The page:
How the petrochemicals industry is taking shape in Abu Dhabi

24 July 2009

Abu Dhabi will have spent about $100bn on developing its petrochemicals sector by the time it completes its plans in 2030, with much of the infrastructure having to be built from scratch.

The realisation of Abu Dhabi’s petrochemicals vision will require an army of engineers, construction workers and project managers, and an investment of about $100bn in the industry by 2030.

The emirate’s upstream oil and gas projects market is heating up, with more than $27bn worth of construction contracts to be awarded by March 2010.

Another $32.5bn of petrochemicals-related projects will be under way by the end of 2010, with construction of the 12 phases of the Abu Dhabi National Chemicals Company (Chemaweyaat) Chemicals Industrial City complex at Taweelah due to continue until 2030.

After taking into account the development of Abu Dhabi National Polymers Company’s (Borouge) production facilities, and strategic investments made by state-owned International Petroleum Investment Company (Ipic) to underpin the development of the sector, the state’s spending on developing the industry approaches an estimated $100bn.

“When you take into account the investments Abu Dhabi has made to date, what it might do in the future, upstream and downstream, and think about the cost of Chemaweyaat over the next 15 years, the amount of capital it has given over to developing the industry is huge,” says one London-based industry analyst. “We are talking about something like $100bn. That is no small change.”

Because of the ‘verbund’ method - the integration of different petrochemicals processes - under which Abu Dhabi’s petrochemicals industry is being developed, the timing of each project is crucial. Like a giant jigsaw, the bigger picture will only be visible when every piece is in place.

The first part of the puzzle is the raw materials for the petrochemicals plants, in the form of increased refining capacity. A refinery processes and breaks down raw crude oil and gas into more useful, and saleable, products such as petroleum for the automotive sector, liquefied petroleum gas for general household use, and jet fuel, along with polyethylene and polypropylene, the basic building blocks used in the petrochemicals industry.

State refiner Abu Dhabi Oil Refining Company (Takreer) currently has two plants in operation: a 68,000-barrel-a day (b/d) unit at Um al-Nar, and a 417,000-b/d plant at Ruwais, 240 kilometres west of the capital.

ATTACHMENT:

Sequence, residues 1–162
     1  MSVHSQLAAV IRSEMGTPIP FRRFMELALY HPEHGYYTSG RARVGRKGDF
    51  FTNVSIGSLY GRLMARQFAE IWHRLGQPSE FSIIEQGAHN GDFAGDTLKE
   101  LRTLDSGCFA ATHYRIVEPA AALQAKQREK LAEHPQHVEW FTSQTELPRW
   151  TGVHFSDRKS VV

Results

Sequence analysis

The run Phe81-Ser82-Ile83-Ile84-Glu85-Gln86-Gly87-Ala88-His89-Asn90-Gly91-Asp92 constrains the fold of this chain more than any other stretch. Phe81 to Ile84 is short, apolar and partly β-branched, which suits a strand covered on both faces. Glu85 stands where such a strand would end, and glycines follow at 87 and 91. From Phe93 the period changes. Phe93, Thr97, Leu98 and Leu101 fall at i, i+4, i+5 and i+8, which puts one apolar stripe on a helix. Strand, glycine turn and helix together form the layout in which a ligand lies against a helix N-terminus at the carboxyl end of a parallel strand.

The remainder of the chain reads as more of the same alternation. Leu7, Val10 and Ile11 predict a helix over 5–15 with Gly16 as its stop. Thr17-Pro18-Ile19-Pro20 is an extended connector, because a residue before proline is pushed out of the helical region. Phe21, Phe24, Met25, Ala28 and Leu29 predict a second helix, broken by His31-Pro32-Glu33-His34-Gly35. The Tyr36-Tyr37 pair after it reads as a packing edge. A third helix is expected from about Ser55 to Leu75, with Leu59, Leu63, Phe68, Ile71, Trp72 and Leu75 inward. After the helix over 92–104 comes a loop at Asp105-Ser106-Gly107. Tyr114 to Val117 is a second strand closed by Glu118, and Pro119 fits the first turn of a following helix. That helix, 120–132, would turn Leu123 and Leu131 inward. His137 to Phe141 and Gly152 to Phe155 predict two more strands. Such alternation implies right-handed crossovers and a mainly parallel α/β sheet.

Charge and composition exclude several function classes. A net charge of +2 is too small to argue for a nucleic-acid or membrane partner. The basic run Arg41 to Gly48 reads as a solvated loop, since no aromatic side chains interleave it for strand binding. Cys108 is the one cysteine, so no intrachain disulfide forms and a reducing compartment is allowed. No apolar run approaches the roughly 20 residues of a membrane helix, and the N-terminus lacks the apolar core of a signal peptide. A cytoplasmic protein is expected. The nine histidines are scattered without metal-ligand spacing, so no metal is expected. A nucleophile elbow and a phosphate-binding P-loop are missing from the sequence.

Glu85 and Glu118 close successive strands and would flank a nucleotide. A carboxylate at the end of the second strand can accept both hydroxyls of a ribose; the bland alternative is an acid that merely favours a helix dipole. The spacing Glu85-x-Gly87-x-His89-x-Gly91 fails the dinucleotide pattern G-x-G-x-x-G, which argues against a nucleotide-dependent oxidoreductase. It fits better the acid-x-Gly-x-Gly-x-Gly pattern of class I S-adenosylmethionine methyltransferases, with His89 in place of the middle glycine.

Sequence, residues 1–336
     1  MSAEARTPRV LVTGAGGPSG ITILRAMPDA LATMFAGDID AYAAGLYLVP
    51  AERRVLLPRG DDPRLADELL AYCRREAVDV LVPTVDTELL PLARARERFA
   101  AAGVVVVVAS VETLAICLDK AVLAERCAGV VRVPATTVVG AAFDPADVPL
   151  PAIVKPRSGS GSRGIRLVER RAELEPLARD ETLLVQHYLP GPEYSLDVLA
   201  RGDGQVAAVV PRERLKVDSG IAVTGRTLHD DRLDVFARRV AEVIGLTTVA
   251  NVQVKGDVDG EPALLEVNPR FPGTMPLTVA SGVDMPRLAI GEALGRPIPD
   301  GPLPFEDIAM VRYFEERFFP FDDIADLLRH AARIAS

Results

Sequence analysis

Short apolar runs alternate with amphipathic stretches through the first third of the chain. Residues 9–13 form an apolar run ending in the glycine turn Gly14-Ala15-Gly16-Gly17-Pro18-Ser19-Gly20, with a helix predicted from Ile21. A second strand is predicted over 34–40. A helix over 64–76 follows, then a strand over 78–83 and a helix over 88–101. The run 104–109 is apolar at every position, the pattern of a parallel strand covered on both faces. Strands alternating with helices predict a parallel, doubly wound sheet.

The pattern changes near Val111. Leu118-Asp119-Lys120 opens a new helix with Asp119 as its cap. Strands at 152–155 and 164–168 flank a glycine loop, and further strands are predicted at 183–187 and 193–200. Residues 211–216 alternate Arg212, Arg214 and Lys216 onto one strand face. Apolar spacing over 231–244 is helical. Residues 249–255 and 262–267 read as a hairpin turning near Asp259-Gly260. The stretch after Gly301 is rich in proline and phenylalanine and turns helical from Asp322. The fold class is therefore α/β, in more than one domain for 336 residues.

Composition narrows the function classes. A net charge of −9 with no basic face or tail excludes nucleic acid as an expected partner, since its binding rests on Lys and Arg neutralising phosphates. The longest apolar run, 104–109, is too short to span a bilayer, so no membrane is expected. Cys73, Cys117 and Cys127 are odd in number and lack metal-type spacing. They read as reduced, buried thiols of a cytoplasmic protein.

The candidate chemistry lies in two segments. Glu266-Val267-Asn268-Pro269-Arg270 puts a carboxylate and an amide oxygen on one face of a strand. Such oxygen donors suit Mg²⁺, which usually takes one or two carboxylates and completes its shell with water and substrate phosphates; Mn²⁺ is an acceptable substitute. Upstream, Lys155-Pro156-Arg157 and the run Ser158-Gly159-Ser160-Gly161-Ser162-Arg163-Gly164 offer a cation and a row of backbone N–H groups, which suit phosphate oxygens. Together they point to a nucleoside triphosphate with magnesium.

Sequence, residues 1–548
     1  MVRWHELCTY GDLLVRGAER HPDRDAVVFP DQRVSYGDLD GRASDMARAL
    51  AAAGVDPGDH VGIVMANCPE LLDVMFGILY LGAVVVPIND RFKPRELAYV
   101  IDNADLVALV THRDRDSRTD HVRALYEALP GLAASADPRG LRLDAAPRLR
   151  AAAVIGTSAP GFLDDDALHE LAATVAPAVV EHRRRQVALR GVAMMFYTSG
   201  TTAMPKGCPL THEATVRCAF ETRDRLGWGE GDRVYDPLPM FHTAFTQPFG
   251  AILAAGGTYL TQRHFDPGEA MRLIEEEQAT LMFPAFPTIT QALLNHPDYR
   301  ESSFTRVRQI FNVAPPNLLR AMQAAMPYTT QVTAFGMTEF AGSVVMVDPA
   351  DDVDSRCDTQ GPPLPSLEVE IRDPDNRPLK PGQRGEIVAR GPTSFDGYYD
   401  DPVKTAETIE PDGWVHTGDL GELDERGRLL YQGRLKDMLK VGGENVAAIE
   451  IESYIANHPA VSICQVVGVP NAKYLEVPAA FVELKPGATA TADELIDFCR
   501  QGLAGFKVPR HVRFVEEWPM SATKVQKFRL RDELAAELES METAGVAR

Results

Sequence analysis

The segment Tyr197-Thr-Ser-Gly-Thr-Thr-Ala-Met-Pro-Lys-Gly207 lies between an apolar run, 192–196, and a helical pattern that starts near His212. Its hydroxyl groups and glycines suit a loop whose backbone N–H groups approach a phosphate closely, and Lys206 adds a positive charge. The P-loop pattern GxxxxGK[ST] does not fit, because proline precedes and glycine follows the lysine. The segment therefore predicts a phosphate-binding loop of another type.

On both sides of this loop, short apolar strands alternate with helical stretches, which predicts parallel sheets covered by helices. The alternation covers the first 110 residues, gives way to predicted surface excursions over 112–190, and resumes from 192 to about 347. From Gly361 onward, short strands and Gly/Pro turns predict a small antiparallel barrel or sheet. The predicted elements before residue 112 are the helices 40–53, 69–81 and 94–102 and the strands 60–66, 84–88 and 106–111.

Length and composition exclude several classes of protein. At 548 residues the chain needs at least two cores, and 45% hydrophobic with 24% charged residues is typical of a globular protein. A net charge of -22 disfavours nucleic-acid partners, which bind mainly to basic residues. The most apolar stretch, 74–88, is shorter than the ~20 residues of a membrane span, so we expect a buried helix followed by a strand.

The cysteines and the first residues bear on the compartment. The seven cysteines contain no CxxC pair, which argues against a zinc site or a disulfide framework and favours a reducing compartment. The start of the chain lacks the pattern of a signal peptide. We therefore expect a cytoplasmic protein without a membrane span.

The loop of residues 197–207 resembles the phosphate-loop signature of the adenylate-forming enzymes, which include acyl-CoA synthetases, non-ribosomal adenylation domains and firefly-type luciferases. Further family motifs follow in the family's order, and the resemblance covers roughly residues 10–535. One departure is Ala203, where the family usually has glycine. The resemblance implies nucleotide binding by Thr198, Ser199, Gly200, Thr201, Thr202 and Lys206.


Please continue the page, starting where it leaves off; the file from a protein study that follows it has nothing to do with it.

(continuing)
In February 2008, Takreer announced that it was planning to expand its capabilities at Ruwais by adding a second refinery with a further 400,000 b/d of capacity.

The estimated $8bn Ruwais expansion reflects Abu Dhabi’s desire to capture rising demand for products such as petroleum domestically and internationally, and to feed downstream industries with naphtha and the liquefied petroleum gas propane, of which it will produce 1.1 million tonnes a year (t/y) solely for the use of Abu Dhabi National Polymers Company (Borouge) from 2014 onwards.

Borouge, a joint venture of Austria’s Borealis and state energy firm Abu Dhabi National Oil Company (Adnoc), is a prototype for the development of the emirate’s petrochemicals sector in more ways than one. The first company to step into the petrochemicals arena outside of fertilisers in Abu Dhabi, and a test case for the industry, the company has also shown how a well-thought out investment strategy can be used as a development tool.

With Ipic’s 1997 purchase of a 50 per cent stake in Borealis came the company’s proprietary polyethylene and low-density polyethylene technology, which is used in cable coverings, and an assured long-term partner with wide-ranging expertise in the industry. Accordingly, it was not long before Borouge was set up, in 1998, and the company’s first production facility, Borouge 1, also located at Ruwais, was started up in 2001 producing 450,000 t/y of polyethylene.

This trend of Abu Dhabi government bodies investing in industrial manufacturing has continued, says an executive at one international firm who has worked with Borouge since its inception. “The line between government and business is very blurred in Abu Dhabi,” he says. “Once you start looking at the companies involved in Chemaweyaat and Borouge, you see that Ipic is that blurred line. That is where the government seeps into the industry.”

International agreements

In 2005, Ipic and Austrian refiner and oil-marketing services company OMV, in which Ipic had held a stake since 1994, consolidated their hold over Borealis, paying Norway’s Statoil $1.1bn for its 50 per cent stake in the company, leaving OMV with a 35 per cent stake and Ipic 65 per cent. Ipic currently has a 19.6 per cent stake in OMV, with strategic alliances in place for refining and marketing oil products from the Takreer plants.

In 2005, Borouge expanded the capacity of its Borouge 1 facility at Ruwais from 450,000 t/y to 600,000 t/y through an engineering process known as debottlenecking. With all parties satisfied of the success of the first phase of the project, in 2003 Adnoc and Borealis signed a memorandum of understanding to develop a new $2bn complex at Ruwais, Borouge 2, that would include a 540,000-t/y polyethylene plant and two 400,000-t/y polypropylene plants fed by a 1.4 million-t/y ethylene cracker.

Engineering, procurement and construction (EPC) contracts were awarded in 2007, and the new capacities are scheduled to start up in the first quarter of 2010.

The additional refining capacity being developed by Takreer at Ruwais will service a third-phase expansion, which will more than double Borouge’s output, adding a further 2.5 million t/y of polypropylene and polyethylene alongside low-density polyethylene, which is used in cable coatings. The project will be completed by 2014, in time to take on Takreer’s new propane output, which will come from the 400,000 b/d additional capacity announced in February.